Calexico police are investigating an act of “vandalism” that occurred outside City Hall during the daylight hours July 3 in an apparent attempt to embarrass or protest the election of Rosie Arreola Fernandez as the city’s newest mayor just two days earlier.
White sheets or pieces of canvas material with spray-painted messages that say “Rosie the Wino” and “Resign Do Better” were set in front of Calexico City Hall along with numerous empty alcohol bottles sometime during the day in what was described as “vandalism with littering,” Calexico Police Chief Gonzalo Gerardo confirmed.
The messages were clearly in reference to Fernandez pleading guilty in January to a single count of driving under the influence of alcohol from a July 2019 arrest in which she collided with another vehicle on Highway 111. Fernandez was given summary probation after pleading guilty to the incident.
Both Calexico city officials and members of the council had already been made aware of the incident by 5 p.m. July 3.
City administration did not immediately return phone calls seeking comment, and the target, Mayor Fernandez, had no comment, only acknowledging that it did happen.
“I just saw it about an hour ago. It’s ruthless. People around here are ruthless … I thought this thing was over with,” Calexico Mayor Pro Tem Morris Reisen said around 5 p.m.
“I think it’s wrong. I’m going to back her 100 percent,” Reisen said. “We stand together, or we fall together. She’s going to stay as mayor as far as I’m concerned.”
Fernandez was unanimously elected as mayor in a council reorganization July 1, while Reisen was unanimously elected mayor pro tem.
Although Fernandez did not address the DUI or other legal issues she had in 2019 during the reorganization, she did speak with the Calexico Chronicle about the incidents on June 30 for a story that ran in the newspaper and online July 2.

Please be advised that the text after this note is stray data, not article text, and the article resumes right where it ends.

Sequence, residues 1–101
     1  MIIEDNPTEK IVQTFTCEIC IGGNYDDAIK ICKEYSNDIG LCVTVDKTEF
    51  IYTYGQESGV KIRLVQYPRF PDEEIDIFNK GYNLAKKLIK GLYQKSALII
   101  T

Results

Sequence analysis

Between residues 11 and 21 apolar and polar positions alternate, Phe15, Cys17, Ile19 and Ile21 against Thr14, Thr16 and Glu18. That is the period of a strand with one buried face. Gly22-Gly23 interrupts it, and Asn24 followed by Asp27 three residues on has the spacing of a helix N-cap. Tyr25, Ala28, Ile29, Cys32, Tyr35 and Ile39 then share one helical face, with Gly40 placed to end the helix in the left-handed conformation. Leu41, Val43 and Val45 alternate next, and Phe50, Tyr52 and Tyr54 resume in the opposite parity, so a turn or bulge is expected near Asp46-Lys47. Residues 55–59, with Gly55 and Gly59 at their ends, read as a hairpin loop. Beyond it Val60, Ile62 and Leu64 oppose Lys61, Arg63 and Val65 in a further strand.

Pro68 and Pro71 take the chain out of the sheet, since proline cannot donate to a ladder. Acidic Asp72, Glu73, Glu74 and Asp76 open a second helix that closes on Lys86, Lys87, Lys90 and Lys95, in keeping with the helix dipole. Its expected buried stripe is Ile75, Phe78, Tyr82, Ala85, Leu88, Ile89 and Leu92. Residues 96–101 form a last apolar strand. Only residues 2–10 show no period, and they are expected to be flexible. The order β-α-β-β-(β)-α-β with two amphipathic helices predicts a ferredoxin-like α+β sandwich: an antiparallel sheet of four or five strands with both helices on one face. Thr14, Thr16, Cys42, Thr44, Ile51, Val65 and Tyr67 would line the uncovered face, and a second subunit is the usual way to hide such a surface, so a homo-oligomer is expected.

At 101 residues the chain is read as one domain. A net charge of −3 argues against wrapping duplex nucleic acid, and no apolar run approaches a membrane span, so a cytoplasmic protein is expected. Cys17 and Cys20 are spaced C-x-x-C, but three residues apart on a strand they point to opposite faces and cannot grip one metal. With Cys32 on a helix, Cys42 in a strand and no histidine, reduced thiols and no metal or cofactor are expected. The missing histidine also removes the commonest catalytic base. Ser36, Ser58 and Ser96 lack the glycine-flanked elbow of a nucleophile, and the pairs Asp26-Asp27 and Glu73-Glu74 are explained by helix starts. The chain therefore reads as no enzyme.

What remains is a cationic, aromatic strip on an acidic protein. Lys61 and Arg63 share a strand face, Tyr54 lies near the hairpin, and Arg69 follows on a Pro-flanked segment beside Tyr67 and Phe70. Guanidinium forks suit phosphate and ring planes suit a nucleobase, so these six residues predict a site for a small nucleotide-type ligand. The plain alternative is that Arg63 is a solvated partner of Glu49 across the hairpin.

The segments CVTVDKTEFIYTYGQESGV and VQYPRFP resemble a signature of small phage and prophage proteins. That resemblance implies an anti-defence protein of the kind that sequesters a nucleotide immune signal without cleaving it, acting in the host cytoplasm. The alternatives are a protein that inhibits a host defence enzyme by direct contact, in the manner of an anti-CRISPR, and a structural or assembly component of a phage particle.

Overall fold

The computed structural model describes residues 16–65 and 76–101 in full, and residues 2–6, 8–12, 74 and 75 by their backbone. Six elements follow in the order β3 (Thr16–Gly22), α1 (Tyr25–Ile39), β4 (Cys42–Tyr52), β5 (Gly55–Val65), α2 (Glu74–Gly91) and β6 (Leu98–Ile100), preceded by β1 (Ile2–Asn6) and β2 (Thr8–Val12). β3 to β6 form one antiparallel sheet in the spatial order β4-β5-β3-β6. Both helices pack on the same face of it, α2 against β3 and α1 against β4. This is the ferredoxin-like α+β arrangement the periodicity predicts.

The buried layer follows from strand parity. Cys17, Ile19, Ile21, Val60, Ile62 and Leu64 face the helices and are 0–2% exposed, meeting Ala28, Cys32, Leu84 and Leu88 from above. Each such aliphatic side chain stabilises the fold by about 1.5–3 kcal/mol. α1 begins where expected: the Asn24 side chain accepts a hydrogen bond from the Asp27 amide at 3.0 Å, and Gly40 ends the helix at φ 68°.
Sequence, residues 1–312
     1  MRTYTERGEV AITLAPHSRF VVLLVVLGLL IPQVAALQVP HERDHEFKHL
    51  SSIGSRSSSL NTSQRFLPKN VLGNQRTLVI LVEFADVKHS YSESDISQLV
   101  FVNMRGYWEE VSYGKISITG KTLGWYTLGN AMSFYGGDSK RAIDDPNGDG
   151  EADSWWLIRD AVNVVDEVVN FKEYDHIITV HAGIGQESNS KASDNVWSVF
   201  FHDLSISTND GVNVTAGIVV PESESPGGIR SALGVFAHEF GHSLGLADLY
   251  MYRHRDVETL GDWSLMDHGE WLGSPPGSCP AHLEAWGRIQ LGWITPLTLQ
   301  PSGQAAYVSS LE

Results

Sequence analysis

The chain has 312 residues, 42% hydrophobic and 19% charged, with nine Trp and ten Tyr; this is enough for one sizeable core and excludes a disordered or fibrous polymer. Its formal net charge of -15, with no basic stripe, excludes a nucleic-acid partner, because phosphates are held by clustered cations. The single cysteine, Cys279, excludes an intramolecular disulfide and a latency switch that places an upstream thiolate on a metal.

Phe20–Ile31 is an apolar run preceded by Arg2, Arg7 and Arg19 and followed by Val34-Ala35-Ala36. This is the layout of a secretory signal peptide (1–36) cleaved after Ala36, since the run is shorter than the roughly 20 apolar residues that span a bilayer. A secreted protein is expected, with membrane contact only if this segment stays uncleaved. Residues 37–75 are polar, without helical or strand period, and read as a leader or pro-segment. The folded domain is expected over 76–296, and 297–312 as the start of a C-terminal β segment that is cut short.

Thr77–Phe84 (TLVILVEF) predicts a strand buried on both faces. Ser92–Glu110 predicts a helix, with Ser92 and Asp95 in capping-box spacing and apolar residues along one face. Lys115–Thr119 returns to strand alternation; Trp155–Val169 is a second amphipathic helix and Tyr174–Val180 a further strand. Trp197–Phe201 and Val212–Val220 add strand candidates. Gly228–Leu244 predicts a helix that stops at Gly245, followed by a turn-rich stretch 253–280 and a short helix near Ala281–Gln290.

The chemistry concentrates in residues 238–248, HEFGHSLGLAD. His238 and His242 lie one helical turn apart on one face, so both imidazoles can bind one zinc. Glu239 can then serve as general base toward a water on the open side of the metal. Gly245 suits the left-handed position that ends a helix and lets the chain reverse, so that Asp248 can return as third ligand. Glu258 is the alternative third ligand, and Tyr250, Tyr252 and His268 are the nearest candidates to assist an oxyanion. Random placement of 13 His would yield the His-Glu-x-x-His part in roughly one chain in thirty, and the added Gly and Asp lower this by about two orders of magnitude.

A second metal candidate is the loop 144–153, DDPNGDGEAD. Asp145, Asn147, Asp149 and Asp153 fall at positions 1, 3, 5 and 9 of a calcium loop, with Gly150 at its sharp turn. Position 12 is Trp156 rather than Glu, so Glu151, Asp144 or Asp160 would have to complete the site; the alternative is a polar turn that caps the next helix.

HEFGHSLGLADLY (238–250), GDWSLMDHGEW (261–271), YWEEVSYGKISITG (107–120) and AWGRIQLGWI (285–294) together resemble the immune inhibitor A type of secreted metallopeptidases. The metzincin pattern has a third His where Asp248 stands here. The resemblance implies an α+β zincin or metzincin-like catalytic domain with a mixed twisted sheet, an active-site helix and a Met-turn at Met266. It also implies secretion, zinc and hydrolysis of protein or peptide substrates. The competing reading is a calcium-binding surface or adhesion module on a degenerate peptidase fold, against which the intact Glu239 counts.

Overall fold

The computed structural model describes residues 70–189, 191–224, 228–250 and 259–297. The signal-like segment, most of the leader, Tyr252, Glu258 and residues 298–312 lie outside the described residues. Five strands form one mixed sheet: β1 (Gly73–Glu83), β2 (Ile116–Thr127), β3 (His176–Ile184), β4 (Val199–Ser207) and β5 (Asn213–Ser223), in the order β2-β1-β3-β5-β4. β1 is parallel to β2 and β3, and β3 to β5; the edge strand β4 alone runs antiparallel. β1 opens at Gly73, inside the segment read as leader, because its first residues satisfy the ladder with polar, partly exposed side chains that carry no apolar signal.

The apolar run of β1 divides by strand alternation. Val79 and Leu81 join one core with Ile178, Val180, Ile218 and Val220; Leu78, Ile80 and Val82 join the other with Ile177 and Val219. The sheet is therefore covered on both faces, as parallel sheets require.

“It was an unfortunate mistake … I’m very remorseful of it,” Fernandez told the Chronicle.
In the previous article, Fernandez said she has learned and made restitution, “but I have to move forward.”
Meanwhile, photos of the alleged vandalism were circulating on Facebook, but it wasn’t immediately clear when the alleged crime occurred. Gerardo thought it had happened sometime around 3 p.m.
By 4:40 p.m., the scene had already been cleaned up and police were combing through video surveillance to see if any suspects could be identified, Gonzalo confirmed through a text message.
Asked how it could happen in daylight, Gerardo responded:
“City Hall is closed today. You can park a truck or car, get out, put the stuff there and leave. No one would notice if there were cars parked there.”
Gerardo stated the Police Department does have a direct video feed from cameras outside City Hall.
No other information was immediately available from police. Gerardo stated the case would be considered “vandalism with littering.”
From all outward appearances, the charges would likely be misdemeanor citations.
Reisen, who is a close confidant of Fernandez’s, said about 80 percent of what he has been seen on social media has been mean-spirited postings about Fernandez’s election as mayor. But he thinks she has paid her dues and that she deserves to be mayor.
Although some social media posts have stated Fernandez never commented about the issue to the media, she did in fact apologize and admit wrongdoing in prior published interviews with the Calexico Chronicle.
Fernandez became entangled in two back-to-back incidents in spring/summer 2019, when she initially faced charges for property damage and hit-and-run driving after a May 5, 2019, incident in Calexico in which she was alleged to have driven into a parked car and a stop sign before driving away from the scene.
Then, before that case ever went to court, Fernandez was arrested on suspicion of DUI on July 6, 2019, by the California Highway Patrol following a collision with another vehicle on southbound Highway 111 just north of McCabe Road.
Those cases were combined and taken to court by the state Attorney General’s Office after the Imperial County District Attorney’s Office declared a conflict of interest because Fernandez had worked on D.A. Gilbert Otero’s re-election campaign.
In January, Superior Court Judge Marco Nuñez issued five years’ “summary probation” for Fernandez, dismissing one DUI charge (Highway Patrol issued two counts against her for the single incident) and two hit-and-run charges (Calexico police also issued two counts for the single incident) due to her lack of a record and the likelihood that she would not re-offend.
All four counts were combined by the state Attorney General’s Office under a single case.
As part of her probation, she made full restitution for damages and fines, was given 12 days of community service with a state Department of Transportation work crew and had an alcohol-detection device attached to her car’s ignition. Other conditions included periodic drug-and-alcohol testing, according to court information.